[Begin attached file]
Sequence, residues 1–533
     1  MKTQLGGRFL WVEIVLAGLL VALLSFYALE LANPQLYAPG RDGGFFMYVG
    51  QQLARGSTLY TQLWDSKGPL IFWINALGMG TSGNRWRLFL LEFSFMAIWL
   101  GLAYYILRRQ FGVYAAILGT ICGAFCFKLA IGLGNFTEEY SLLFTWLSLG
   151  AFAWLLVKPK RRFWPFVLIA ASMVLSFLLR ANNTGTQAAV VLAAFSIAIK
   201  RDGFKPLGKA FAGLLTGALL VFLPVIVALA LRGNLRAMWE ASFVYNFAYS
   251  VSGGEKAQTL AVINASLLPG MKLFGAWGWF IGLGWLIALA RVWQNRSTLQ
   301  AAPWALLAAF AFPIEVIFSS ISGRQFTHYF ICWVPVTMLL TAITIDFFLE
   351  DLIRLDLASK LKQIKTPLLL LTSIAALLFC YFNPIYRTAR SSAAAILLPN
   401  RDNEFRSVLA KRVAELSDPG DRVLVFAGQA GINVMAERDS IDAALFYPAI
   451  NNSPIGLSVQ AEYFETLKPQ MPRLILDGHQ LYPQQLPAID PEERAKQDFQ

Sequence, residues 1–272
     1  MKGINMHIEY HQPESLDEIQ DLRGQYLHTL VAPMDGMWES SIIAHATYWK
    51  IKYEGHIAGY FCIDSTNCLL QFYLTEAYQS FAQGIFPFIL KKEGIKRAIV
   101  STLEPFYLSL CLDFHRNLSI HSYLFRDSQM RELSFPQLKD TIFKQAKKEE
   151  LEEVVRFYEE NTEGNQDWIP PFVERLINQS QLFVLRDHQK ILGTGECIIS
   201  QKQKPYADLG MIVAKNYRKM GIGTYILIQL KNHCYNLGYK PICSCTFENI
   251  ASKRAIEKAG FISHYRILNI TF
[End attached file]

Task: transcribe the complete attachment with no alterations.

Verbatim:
Sequence, residues 1–533
     1  MKTQLGGRFL WVEIVLAGLL VALLSFYALE LANPQLYAPG RDGGFFMYVG
    51  QQLARGSTLY TQLWDSKGPL IFWINALGMG TSGNRWRLFL LEFSFMAIWL
   101  GLAYYILRRQ FGVYAAILGT ICGAFCFKLA IGLGNFTEEY SLLFTWLSLG
   151  AFAWLLVKPK RRFWPFVLIA ASMVLSFLLR ANNTGTQAAV VLAAFSIAIK
   201  RDGFKPLGKA FAGLLTGALL VFLPVIVALA LRGNLRAMWE ASFVYNFAYS
   251  VSGGEKAQTL AVINASLLPG MKLFGAWGWF IGLGWLIALA RVWQNRSTLQ
   301  AAPWALLAAF AFPIEVIFSS ISGRQFTHYF ICWVPVTMLL TAITIDFFLE
   351  DLIRLDLASK LKQIKTPLLL LTSIAALLFC YFNPIYRTAR SSAAAILLPN
   401  RDNEFRSVLA KRVAELSDPG DRVLVFAGQA GINVMAERDS IDAALFYPAI
   451  NNSPIGLSVQ AEYFETLKPQ MPRLILDGHQ LYPQQLPAID PEERAKQDFQ

Sequence, residues 1–272
     1  MKGINMHIEY HQPESLDEIQ DLRGQYLHTL VAPMDGMWES SIIAHATYWK
    51  IKYEGHIAGY FCIDSTNCLL QFYLTEAYQS FAQGIFPFIL KKEGIKRAIV
   101  STLEPFYLSL CLDFHRNLSI HSYLFRDSQM RELSFPQLKD TIFKQAKKEE
   151  LEEVVRFYEE NTEGNQDWIP PFVERLINQS QLFVLRDHQK ILGTGECIIS
   201  QKQKPYADLG MIVAKNYRKM GIGTYILIQL KNHCYNLGYK PICSCTFENI
   251  ASKRAIEKAG FISHYRILNI TF